We filmed him in Shanghai, where he‘d just been voted twice teacher of the year for getting great results out of his young Chinese students by teaching them American football. Now Memo discovered the fundamentals of football, which I know nothing about.

Thinking as a team working and cooperating together, what he called group work meant that once his kids got back into the class, they applied those new ways of thinking and collaborating to their schoolwork. The class work on their scores went up.

In a Confucian education system where inpidual excellence and achievement is valued, Memo’s kids had never ever been encouraged to work together. And that simple innovation, which would have been second nature to his kids in Texas, made a measurable difference here in China. For his excellence. He was given a raise. He was given a promotion, and his wife, who was Chinese, was delighted.

A little later in the film, we balance Memo story with the story of this man. His name is Li Mianjun. And as a kid, he was a Math prodigy, who developed a lifelong love for the abacus, the centuries old Chinese calculating device that was used for centuries, principally as a merchant store.

Mr. Li discovered that the abacus could be repurposed to teach math to little kids. And he could get extraordinary results. So we were a little skeptical of this. And we took Mr. Li to Los Angeles.

We took him and his abacus to a largely Hispanic school in south central Los Angeles, which is a poor neighborhood.

The results were amazing. In less than two hours, sevenyearolds were using the abacus to solve complicated math problems.

I was terrible at Math. I mean, I would love to have had this when I was a kid, it was remarkable. It was a revelation and a compelling lesson for me. And I hope for our audience. And what can be achieved if we in the west who struggle mightily to engage our kids, to develop an interest in Math, if we could be persuaded to utilize this ancient Chinese invention.

The point of these two stories, two education stories to remind our audience that neither China nor America have a monopoly on good ideas. And we really can learn and benefit from each others knowledge, if the willingness is there.

A second big mistake that I made making this film was that I thought if I was making a film about America and China that I‘d be largely shooting in America and China. I was wrong because what I failed to appreciate when I started making the movie was that China is a global power. And to get an accurate assessment of China today, you have to go all over the world to see how China is in the world.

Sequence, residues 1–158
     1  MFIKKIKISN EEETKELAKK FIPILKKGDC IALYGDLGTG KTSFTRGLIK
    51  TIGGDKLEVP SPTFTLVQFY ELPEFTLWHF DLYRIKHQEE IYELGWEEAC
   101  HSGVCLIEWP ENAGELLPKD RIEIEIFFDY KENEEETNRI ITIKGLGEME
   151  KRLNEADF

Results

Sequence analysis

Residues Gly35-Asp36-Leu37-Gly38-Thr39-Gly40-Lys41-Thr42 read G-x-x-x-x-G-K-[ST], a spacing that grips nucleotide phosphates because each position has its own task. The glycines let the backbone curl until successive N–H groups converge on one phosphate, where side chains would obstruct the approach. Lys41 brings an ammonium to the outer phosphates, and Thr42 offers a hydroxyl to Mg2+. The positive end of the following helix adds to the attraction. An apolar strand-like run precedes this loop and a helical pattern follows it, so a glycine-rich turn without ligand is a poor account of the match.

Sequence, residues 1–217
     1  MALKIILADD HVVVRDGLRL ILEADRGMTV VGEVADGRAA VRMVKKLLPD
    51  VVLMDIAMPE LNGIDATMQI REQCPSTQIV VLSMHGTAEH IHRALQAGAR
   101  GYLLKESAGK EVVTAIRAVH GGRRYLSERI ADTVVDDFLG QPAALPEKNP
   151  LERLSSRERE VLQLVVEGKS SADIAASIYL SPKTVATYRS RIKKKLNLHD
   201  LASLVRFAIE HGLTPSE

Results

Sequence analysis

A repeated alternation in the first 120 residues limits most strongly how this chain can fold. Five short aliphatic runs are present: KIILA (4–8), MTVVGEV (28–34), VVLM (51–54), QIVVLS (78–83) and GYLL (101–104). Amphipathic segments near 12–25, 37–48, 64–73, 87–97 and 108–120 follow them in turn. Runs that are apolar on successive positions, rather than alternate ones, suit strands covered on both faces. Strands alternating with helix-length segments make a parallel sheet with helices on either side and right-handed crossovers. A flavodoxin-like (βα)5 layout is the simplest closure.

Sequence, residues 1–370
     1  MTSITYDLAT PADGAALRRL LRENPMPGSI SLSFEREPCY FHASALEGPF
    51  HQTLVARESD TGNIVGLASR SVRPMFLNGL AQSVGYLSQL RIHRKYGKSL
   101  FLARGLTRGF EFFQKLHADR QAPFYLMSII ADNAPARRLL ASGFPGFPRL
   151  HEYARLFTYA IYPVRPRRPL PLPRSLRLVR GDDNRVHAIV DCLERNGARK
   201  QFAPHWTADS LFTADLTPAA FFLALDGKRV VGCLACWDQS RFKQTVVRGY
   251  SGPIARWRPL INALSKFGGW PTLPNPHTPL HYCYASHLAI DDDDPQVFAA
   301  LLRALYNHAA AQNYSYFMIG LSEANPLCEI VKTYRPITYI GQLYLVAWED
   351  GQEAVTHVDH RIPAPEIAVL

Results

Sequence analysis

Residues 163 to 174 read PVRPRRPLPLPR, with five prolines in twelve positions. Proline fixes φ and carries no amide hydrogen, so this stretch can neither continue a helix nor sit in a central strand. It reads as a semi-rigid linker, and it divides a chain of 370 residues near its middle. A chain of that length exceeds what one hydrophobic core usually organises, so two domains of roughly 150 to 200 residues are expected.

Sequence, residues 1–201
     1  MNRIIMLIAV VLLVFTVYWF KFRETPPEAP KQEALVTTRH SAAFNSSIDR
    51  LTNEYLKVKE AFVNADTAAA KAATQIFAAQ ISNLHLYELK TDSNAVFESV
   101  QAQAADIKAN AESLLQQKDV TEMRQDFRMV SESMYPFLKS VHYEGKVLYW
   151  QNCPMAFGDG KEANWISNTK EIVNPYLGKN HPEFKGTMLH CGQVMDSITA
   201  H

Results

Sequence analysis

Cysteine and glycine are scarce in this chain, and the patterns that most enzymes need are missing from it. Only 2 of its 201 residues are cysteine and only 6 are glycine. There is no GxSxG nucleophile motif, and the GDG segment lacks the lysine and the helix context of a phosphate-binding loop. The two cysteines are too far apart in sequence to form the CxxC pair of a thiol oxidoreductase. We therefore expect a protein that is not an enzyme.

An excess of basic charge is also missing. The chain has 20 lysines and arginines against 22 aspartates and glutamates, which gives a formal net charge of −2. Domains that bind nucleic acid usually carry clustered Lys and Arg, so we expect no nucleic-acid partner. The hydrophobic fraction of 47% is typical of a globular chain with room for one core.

This was terrible news for my finances. And I don‘t think they will ever forgive me, but god bless them, they kept the money coming. And so we went to Africa. We went to the middle east, across Europe.

And I want to tell you a little story about, a place that we went in Ethiopia, where we came across this guy called Bao Wangli. He was a Chinese engineer helping to build a desperatelyneeded bridge, up near the headwaters of the Blue Nile. It’s very remote.

Bao was twentysix and married with a son he‘d never met.

He wasn‘t there when his young wife gave birth. And because of his geographic isolation, he could only call her once a week by cell phone. Bao’s Ethiopian assignment was for three years. He actually stayed for five with one home visit after eighteen months.

This was a huge sacrifice that he and his family willingly made, because the pay was better for a young engineer in Africa, than it might have been had he stayed in China.

And we told Bao’s story to Americans, not because it was unusual, but precisely because it was not unusual. It‘s all too familiar to the Chinese in the past forty years since China’s opening up, there have been millions of Bao’s stories.

Countless families have been separated, forty million left behind children being raised by their grandparents, while their mothers and fathers are in China‘s cities trying to find work and money and save for a better life.

We in the West see and hear about the extraordinary transformation of China. But perhaps we don‘t sufficiently comprehend the tremendous price the Chinese people have paid this huge sacrifice that has been made. This supported China’s economic miracle.

What ‘Better Angels’ was trying to do was to put a human face on the Chinese people and the Chinese experience to forge a better understanding between the two nations, despite the best efforts of some of the folks in the west who demonize China.

Ironically, we came to realize that the Chinese and American people are fundamentally far more similar than they are different. When it comes to innovation, hard work, creativity, entrepreneurship, indisputably these two countries lead the world. I‘m going to steal a line from Tom Friedman, who I just watched, give a lovely speech. He said America and China are one country, two systems. I wish I had written that.